Review Summary: A couple huddling together atop a vast glacier under the cold light of the stars is the scene. Tripper is the soundtrack.
Efterklang released Tripper to mild critical acclaim in 2004. The band’s first full length went largely unnoticed by the wider musical community, a complete travesty seeing as this is one of the most singular and engaging albums to come out of anywhere in a long time.
Immersing the listener in a wintery landscape of soft glitch beats and atmospheric strings, the band’s two crooners engage and overlap, whispering all the time as if afraid of disturbing the tranquil pulse of the music. The effect is deliberately underwhelming, the simple electronics gradually building into a crescendo complete with strings and achingly gorgeous dual vocals that engulf the listener with their subtle intensity. The use of glitch to provide the rhythm works perfectly, an early Autechre vibe prevailing throughout. Considering the comparison, however, electronics have never sounded so human. More precisely, it is the delicate combination of the icy music with the hushed vocals that gives Tripper its vitality, and elevates it above the cold tag of ‘electronica’. If one was to pigeonhole it’d be post rock, but done tastefully, as restraint is what sets Tripper apart from the crowd.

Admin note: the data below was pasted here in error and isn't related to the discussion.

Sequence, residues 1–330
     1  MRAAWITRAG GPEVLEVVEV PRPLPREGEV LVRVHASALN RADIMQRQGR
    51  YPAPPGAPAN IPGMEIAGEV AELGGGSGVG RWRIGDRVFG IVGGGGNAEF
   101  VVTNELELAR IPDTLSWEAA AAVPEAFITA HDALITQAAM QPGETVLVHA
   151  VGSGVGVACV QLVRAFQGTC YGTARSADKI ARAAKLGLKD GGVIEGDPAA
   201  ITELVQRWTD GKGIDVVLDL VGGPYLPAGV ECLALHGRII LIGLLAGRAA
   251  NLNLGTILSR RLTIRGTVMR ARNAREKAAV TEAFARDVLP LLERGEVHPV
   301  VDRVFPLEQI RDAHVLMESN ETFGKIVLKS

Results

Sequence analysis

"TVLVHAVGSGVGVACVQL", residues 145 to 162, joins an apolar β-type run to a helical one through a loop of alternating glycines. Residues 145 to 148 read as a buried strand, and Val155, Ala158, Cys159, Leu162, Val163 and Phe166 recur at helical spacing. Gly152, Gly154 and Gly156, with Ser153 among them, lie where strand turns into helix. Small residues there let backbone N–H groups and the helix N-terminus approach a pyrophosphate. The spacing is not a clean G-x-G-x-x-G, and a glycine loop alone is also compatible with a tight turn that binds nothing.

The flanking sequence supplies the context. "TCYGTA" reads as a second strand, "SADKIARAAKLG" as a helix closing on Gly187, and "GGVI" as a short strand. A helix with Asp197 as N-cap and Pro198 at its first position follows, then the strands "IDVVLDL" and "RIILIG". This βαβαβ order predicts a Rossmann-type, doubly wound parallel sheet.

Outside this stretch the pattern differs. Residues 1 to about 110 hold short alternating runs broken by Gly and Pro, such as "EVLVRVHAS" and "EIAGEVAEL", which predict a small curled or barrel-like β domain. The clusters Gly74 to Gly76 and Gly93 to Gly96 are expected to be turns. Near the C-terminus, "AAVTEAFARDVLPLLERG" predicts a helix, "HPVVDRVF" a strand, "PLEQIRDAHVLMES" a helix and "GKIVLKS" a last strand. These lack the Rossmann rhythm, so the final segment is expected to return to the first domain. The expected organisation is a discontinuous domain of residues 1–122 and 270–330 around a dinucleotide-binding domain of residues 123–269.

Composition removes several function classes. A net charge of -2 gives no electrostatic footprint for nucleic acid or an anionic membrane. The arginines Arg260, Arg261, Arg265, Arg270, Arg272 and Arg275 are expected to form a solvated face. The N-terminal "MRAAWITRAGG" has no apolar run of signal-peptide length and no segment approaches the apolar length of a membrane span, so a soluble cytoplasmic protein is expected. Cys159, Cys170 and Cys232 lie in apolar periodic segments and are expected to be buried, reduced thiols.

Indeed, the most noticeable thing about this album is how quiet it is; you feel guilty listening to it anywhere other than a silent space where you alone can appreciate it.
Whereas sophomore effort Parades is a cacophony of passion and joy, Tripper exists to sooth and calm; it is the sound of frail humans co-existing with wild and unbridled nature. Casper Clausen’s statement in Swarming; ‘her wing beat is humming loud', is a direct parallel to the music
Delicate but insistent. Treading softly, but with purpose.